We kept Joanie out of daycare for a few extra hours so I could get some special time before I go. This will be the longest time I have ever been away from my two and a half year old, though I’ll be gone only a week. For the most part, Joan is in good spirits, and she blows me kisses as she gets into the car.
“I love you so much,” I call.
“I love you so much,” she answers.
I fight the sensation of tears, and run to the front door so I can wave one more time as the car pulls out of the driveway, my husband doing the drop-off so I can pack.
Fieldwork is a different thing once you have a child.
I find myself secretly enjoying my short layover in Chicago. I know the airport well, and even recognize workers at my favorite haunts. I buy a New Yorker, which is very mature of me. I marvel at how much easier it is to pee in an airport bathroom when you don’t have a toddler strapped to your chest.
The next leg of my trip is uneventful, save for the wheat crackers served in both my labeled gluten-free meals. The flight attendant promises to make a note of it. I get annoyed, then realize I have really middle class problems.
At Frankfurt, I have to go through security again. I tend to feel a lot of anxiety at international airports, that I am doing it wrong and will lose my bags, or be detained or miss my flight. None of these things had happened to me before (but wait… there is more later!). I observe my fellow travelers, not as an anthropologist, but as someone who doesn’t want to screw up. The man in front of me takes his computer out of his bag; I do the same. The security officer asks a young man to take off his zip-up sweatshirt; I hastily remove my cardigan.
Again, middle class problems.
Waiting for my final flight, the one that will take me to Krakow, I turn on my phone just to browse through pictures of my daughter – Joan drawing with sidewalk chalk, lounging on the couch with Daddy, several shots of especially spectacular post-nap hair. I imagine touching that hair, and hugging my child until we both fall asleep.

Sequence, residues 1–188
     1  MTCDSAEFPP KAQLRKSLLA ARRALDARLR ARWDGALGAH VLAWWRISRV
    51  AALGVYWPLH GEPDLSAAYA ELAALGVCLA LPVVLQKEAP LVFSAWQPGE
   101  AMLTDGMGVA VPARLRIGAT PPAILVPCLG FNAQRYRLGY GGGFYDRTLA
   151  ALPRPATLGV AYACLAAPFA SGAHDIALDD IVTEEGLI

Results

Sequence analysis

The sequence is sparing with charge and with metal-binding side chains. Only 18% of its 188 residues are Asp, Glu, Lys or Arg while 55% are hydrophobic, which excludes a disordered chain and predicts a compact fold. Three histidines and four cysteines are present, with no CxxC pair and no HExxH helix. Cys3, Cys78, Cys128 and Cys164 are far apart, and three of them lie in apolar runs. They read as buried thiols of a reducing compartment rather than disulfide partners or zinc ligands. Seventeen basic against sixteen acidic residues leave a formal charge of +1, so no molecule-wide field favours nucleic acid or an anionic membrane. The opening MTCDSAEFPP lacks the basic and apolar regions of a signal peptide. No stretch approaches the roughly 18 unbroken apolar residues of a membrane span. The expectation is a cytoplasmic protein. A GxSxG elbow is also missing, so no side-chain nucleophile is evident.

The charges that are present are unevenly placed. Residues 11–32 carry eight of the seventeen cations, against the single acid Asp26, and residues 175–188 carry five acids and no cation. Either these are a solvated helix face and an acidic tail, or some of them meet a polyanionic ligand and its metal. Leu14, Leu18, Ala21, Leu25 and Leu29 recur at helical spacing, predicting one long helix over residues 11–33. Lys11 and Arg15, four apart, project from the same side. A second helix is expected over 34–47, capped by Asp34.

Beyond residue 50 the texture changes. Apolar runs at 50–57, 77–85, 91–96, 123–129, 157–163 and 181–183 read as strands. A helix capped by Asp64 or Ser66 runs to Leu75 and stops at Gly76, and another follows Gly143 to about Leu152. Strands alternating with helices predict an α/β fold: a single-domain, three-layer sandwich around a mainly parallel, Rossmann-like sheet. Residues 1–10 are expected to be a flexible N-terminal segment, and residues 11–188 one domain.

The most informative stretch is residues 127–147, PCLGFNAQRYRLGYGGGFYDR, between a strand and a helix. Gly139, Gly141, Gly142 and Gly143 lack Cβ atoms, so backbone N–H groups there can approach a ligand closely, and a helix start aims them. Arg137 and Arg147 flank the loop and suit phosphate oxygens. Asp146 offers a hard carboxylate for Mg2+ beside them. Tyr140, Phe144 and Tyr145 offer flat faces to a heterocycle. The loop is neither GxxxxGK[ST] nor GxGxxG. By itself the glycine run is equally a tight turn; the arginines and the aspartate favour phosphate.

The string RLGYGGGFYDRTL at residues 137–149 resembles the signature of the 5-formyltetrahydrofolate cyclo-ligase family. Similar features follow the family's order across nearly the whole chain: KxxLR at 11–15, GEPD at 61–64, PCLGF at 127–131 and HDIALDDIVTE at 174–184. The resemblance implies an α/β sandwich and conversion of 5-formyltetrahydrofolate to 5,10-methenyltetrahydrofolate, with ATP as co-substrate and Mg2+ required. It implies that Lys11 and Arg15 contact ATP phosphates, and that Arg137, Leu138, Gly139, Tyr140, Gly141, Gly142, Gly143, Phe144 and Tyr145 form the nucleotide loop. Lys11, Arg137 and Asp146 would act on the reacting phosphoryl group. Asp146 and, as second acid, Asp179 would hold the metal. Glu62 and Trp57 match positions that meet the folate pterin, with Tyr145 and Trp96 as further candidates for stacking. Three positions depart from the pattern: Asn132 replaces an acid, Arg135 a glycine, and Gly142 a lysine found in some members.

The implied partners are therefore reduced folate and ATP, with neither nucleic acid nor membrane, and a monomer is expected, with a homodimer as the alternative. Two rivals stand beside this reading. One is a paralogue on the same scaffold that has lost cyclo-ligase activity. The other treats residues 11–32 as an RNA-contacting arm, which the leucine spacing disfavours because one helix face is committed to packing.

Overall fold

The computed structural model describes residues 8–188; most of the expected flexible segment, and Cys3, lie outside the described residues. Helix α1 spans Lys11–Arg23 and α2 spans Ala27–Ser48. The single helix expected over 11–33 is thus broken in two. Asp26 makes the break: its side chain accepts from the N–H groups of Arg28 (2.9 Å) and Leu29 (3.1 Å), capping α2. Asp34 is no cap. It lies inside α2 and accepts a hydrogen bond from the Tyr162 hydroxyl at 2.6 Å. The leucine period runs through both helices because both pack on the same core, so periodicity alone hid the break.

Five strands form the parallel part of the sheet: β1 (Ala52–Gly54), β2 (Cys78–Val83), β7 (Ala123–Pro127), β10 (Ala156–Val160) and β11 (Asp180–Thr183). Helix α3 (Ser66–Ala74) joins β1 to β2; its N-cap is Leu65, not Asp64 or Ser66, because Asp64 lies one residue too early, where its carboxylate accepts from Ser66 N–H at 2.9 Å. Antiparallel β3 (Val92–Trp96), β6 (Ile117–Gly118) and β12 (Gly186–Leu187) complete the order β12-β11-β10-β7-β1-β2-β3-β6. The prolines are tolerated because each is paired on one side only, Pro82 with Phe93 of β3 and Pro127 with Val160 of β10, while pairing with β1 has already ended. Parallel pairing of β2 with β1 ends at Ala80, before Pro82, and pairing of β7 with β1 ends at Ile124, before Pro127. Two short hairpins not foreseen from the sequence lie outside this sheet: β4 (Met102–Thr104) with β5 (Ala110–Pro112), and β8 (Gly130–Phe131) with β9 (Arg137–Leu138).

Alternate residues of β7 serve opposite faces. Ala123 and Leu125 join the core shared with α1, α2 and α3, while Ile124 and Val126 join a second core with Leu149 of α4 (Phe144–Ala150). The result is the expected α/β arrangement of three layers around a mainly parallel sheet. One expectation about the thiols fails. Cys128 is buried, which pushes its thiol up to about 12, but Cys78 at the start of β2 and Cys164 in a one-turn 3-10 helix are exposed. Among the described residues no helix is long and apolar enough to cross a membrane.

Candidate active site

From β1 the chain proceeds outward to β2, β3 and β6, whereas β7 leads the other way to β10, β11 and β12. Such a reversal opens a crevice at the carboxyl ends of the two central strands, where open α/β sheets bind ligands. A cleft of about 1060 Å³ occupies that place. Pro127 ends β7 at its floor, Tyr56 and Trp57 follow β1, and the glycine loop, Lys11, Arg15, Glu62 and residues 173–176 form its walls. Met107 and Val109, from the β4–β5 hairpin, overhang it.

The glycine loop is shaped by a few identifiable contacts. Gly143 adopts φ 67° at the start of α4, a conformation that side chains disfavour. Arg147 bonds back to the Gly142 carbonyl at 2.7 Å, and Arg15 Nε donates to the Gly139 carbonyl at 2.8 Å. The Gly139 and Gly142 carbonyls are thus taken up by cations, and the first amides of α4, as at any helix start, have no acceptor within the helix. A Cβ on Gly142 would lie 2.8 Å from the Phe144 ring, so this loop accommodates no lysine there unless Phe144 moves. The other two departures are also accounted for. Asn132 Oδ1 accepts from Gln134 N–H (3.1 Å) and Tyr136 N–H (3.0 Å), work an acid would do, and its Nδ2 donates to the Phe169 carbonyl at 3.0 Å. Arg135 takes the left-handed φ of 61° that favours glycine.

I hastily pull out my book to think of something different.
My friends are being excessively kind to me, with one meeting me at the Krakow train station to get me on the right bus to Limanowa, and another meeting me in Limanowa to take me to the field site. It’s been five years: the train station has been renovated and is in a different spot, my Polish fluency has dropped precipitously. I am incredibly grateful for the help getting around while I re-train my brain to being in Poland again.
It is with this warm, flushed feeling of goodwill that I approach the luggage rack. I watch other peoples’ luggage go down the conveyor belt, I see people picking up their things. I stay and watch for a long time, until a worker walks over and turns the conveyor belt off. It’s my first twenty minutes in the country in five years and I have absolutely no idea how to say the word “luggage” in Polish.
So, I do the only thing I can think of. I give the worker my most desperate expression, hold my arms to the side and do an exaggerated shrug. Somehow, this was close enough to the universal language of “what do I do, I did not see my bag and I would really like it” that he knew what to do. He pointed fifteen feet to my right, where “Lost luggage” was clearly written in Polish and English.
Long story short, my luggage would likely arrive in another two hours, but they couldn’t guarantee it. So how about I give them the address where I’m staying and they’ll get it to me.
“The place where I’m staying doesn’t really have an address.”
The woman patiently looks at me. I try to explain, “You see, I’m an anthropologist, and…” I realize I am making things worse. “Look, I think it would be better if I got the bag myself. You won’t be able to find where I’m staying. It’s not in Krakow.”